Victoria’s Treaty process will reach another milestone on Monday when representatives from the state government and the First Peoples’ Assembly of Victoria hold their first official negotiating meeting.
Aboriginal affairs minister Gabrielle Williams and assembly co-chairs Geraldine Atkinson and Marcus Stewart will meet virtually to begin the negotiations, which they have said would mark a “historic moment” on Victoria’s path to Treaty.
“We hope that this day will be looked back on as the starting point in our history when Aboriginal Victorians and the state government began to work towards greater reconciliation and a stronger future,” Atkinson said.
The meeting will take place just days after the federal government and Coalition of Peaks convenor Pat Turner launched the new historic National Agreement on Closing the Gap.
After Gunaikurnai man Uncle Nicky Moffatt delivers a Welcome to Country, a forward agenda and a timeline for future meetings will be set, and negotiation protocols and processes will be discussed.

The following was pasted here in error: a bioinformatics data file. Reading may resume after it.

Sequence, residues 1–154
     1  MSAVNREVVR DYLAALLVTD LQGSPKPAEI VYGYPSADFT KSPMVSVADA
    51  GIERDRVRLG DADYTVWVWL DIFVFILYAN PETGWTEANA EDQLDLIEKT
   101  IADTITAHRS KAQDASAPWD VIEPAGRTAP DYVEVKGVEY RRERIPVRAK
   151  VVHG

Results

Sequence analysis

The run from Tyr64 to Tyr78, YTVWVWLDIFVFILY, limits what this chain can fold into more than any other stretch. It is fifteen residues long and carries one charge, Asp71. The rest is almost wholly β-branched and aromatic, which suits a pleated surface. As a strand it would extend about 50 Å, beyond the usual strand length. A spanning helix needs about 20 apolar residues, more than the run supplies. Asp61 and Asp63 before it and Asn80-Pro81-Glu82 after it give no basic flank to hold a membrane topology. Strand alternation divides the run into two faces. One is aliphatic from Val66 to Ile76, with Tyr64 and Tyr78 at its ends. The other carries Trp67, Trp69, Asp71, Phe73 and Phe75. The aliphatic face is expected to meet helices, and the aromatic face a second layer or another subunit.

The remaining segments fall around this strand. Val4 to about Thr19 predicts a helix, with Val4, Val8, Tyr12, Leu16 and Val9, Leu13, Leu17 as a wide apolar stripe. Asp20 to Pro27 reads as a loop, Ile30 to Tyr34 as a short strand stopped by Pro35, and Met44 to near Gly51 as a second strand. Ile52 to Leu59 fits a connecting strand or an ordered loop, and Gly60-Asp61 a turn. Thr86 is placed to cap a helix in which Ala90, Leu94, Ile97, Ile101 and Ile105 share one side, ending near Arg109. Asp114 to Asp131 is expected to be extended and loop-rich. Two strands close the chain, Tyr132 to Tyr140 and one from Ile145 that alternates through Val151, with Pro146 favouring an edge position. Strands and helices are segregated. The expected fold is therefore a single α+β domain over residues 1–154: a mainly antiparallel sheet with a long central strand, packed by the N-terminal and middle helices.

Stewart said the Monday meeting would be “the first step towards a productive negotiation” between the state government and the First Peoples’ Assembly — the first ever democratically elected body of Aboriginal Victorians tasked with negotiating the framework leading to Treaty.
The assembly is made up of 21 members elected by Aboriginal Victorians across five voting regions, and 11 members appointed by each formally recognised Traditional Owner groups. They will work with the state government to establish a Treaty Authority to act as an “independent umpire” throughout the negotiation process, as well as a self-determination fund.
The process would be an opportunity for Victoria to heal past wounds, achieve reconciliation and build a stronger state while also celebrating the unique cultures and histories of Aboriginal Victorians, according to Williams.
“We’re determined to find a new way forward with our First Peoples, forging a new, shared future for us all,” she said.
Victoria is currently the only jurisdiction to have actioned both the Treaty and Truth elements of the Uluru Statement from the Heart.
Last week Williams announced the state government would provide $3.3 million over four years to support Aboriginal community-controlled organisations as part of Victoria’s response to the new National Agreement on Closing the Gap.
It would be the first time Aboriginal community-controlled organisations would be “empowered to take a leadership role in driving change through the Closing the Gap strategy”, Williams said.
Earlier this year the Victorian Treaty Advancement Commission was recognised at IPAA Victoria’s annual Leadership in the Public Sector Awards for its role in establishing the First Peoples’ Assembly.